Somalia has finally come home to America. Somalia is no longer starving children with distended stomachs who live half a world away. Somalia is the bodies of U.S. soldiers -- our boys -- being dragged through the streets of Mogadishu.
The image won't go away.
The miracle of television brings us the image and stamps it in our brains. How do you wipe away the sight of fallen soldiers being displayed by celebrating Somalis, who look like sports fans whose team had just won a championship?
We watch in horror at the naked blood lust. The soldiers, we come to understand, are trophies. Human trophies. We see the bodies -- the photographers, in a stab at decency, try to obscure the faces -- and think immediately of the parents who first see their boy this way.
Horror turns to anger, settling hard in the gut, and the gut says one of two things: Bomb 'em back to the Stone Age or just get out and let them solve their own problems.
And then we see the captured U.S. helicopter pilot, displayed on TV. Everything now is on TV, almost as soon as it happens. The pilot is just a scared kid who's probably been mistreated and maybe even tortured.
We want to turn our heads, but we can't. We watch and we understand that seeing the living is worse somehow than seeing the dead.
There are perhaps as many as eight Americans held by this man Aidid, whom we call a warlord, or we call him a thug, or maybe he's simply leader of a faction of a country we barely understand. It hardly matters now. We read that he's keeping the soldiers close to him as protection against an American assault.
Any captured American would become -- and it is now the scariest word in our language -- a hostage.
And we know, as we know nothing else, that we can't simply leave them there. Cutting and running is no longer an option. At the least, we must get back our soldiers.
Then, what do we do? More important, how'd we get in this fix?
We basically went to Somalia to keep people from starving. Some want to say there were contributing geopolitical motives. I don't know. In any case, people were fed.
Most of our soldiers went home. But some stayed, as part of a United Nations force. The idea was to establish something resembling stability so that the starving wouldn't resume.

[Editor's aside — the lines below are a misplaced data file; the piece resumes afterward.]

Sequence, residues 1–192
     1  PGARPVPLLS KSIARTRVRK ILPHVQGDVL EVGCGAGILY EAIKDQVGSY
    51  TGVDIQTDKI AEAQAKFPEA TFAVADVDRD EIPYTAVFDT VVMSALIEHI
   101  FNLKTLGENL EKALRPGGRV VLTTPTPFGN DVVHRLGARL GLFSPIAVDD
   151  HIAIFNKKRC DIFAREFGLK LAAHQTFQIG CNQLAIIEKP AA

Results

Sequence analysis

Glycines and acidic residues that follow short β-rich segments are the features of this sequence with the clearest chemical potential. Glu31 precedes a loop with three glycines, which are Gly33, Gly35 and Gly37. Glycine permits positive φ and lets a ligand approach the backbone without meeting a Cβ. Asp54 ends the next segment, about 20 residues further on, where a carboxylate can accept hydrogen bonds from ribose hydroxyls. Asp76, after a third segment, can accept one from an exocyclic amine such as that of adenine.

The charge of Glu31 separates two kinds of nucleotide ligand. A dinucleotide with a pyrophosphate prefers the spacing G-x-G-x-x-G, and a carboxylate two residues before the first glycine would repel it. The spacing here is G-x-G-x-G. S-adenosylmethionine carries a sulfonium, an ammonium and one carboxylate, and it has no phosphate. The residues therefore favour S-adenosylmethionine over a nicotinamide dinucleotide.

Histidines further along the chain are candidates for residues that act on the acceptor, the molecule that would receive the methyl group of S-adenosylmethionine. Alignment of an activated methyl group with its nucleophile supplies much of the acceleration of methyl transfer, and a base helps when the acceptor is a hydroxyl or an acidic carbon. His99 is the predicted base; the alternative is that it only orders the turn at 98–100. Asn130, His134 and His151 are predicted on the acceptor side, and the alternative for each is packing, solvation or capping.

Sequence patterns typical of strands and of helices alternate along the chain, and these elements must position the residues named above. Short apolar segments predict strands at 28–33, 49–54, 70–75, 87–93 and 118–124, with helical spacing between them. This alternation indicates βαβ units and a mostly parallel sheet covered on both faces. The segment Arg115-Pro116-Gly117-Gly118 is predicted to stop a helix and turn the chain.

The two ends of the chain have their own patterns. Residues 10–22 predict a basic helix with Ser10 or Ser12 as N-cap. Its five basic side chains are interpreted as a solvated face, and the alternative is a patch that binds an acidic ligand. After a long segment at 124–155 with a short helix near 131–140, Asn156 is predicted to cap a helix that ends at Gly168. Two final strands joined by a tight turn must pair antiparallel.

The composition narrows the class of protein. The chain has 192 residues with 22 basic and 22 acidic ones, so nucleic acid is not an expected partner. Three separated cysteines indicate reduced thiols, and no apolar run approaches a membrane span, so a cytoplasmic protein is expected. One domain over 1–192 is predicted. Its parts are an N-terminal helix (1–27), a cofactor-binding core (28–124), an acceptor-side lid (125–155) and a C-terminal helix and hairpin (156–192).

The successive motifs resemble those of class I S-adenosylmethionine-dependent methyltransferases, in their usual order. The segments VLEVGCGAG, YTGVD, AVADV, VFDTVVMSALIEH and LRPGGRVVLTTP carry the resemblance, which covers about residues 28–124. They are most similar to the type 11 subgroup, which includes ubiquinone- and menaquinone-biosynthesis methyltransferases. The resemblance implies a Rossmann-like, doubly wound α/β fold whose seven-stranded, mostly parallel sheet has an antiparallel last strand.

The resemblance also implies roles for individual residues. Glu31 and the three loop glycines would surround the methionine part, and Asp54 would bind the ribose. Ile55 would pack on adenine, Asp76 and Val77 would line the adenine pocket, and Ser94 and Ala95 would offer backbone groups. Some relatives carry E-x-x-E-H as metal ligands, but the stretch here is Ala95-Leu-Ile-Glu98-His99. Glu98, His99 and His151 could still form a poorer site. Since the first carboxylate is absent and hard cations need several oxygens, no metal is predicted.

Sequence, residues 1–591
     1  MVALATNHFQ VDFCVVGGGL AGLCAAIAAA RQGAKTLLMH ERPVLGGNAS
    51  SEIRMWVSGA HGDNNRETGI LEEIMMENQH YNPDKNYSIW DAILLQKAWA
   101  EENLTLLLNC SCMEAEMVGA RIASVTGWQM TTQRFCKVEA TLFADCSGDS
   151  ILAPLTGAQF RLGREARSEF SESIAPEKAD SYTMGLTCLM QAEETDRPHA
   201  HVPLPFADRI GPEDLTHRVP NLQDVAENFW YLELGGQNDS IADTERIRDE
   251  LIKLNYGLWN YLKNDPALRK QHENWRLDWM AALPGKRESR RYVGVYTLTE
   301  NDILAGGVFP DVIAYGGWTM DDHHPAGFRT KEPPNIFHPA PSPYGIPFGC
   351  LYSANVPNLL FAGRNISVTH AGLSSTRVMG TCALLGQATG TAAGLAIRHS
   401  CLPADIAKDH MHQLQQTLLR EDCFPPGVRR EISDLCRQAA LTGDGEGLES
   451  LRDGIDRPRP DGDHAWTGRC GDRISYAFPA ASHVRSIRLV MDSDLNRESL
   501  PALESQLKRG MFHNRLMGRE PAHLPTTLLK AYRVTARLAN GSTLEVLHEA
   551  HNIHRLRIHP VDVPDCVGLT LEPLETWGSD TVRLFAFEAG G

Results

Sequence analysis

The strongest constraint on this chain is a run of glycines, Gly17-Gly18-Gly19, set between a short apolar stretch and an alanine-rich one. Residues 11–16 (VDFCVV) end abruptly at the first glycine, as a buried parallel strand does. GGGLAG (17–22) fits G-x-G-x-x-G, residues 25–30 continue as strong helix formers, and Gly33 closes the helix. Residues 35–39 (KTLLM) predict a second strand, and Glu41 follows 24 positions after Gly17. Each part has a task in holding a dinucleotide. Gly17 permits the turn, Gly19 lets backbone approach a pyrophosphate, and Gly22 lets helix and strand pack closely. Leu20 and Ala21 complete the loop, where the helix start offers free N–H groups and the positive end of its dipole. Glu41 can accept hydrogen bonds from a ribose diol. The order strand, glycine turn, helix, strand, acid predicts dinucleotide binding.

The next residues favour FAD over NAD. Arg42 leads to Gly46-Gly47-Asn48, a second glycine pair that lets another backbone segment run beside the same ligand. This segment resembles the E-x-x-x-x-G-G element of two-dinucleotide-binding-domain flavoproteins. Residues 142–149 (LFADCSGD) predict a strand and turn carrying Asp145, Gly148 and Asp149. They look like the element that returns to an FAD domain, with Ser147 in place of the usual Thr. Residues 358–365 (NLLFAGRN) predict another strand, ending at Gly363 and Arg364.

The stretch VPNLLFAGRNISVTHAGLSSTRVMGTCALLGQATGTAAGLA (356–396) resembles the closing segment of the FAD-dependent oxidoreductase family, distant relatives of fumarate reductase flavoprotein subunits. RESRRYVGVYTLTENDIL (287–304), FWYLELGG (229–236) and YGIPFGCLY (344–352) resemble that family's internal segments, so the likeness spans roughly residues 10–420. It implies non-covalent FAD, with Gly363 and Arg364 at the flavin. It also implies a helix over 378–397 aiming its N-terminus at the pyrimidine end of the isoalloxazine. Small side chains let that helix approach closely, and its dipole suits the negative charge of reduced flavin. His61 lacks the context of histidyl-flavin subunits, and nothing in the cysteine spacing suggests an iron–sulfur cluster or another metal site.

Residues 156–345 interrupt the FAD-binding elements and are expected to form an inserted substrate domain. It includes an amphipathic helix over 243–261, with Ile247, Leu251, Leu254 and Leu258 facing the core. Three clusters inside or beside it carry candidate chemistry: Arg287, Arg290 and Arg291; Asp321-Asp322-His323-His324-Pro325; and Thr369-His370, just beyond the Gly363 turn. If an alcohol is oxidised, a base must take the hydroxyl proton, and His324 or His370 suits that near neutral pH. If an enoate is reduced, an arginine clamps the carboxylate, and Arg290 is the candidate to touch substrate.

Then it turned ugly, soldiers began dying, and some politicians demanded a quick withdrawal. These politicians are pursuing a policy that says, in effect, we end all military ventures as soon as Americans start getting killed.
Is that a foreign policy? Nobody can quite say. What's clear from Somalia -- and also from our struggle in figuring a proper role, if any, to play in Bosnia -- is that nothing in the post-Cold War era is clear.
We hear a lot about the lessons of Vietnam, which can be reduced to these: Never get into a war without popular support and also without clear military goals.
But the lessons of Somalia are slightly different. Should we have gone to Somalia? If not, does that mean we're willing to watch as innocent people starve? If we do belong, how long should we stay? Do the Somalis want us there? How do we know? And how important is that?
Of course, Somalia was supposed to be the easy case. Bosnia is the quagmire, the war out of our history books. We've done a lot of talking there. And meanwhile, the Bosnian Muslims continue to be, in the neat and surgical term, ethnically cleansed. In other words, people kill them because of their religion.
How many American lives are we willing to risk to solve the problem? Is it even possible to solve the problem?
We get our consciences tugged on this one, as some would compare our inaction to the indifference the world showed to the plight of the Jews before World War II. There's a famous story of the Danes who risked their lives, virtually alone among Europeans nations, to help the country's Jews escape the Germans.
It is a wonderful story of bravery and principle, and especially, selflessness. Does it apply to America today?
We are, we keep hearing, the world's remaining superpower. What does that mean? Where do our responsibilities begin and end?
These are questions we have to start asking ourselves and not simply leave to the politicians. We don't need a policy; we need a philosophy. That's the true lesson of Somalia.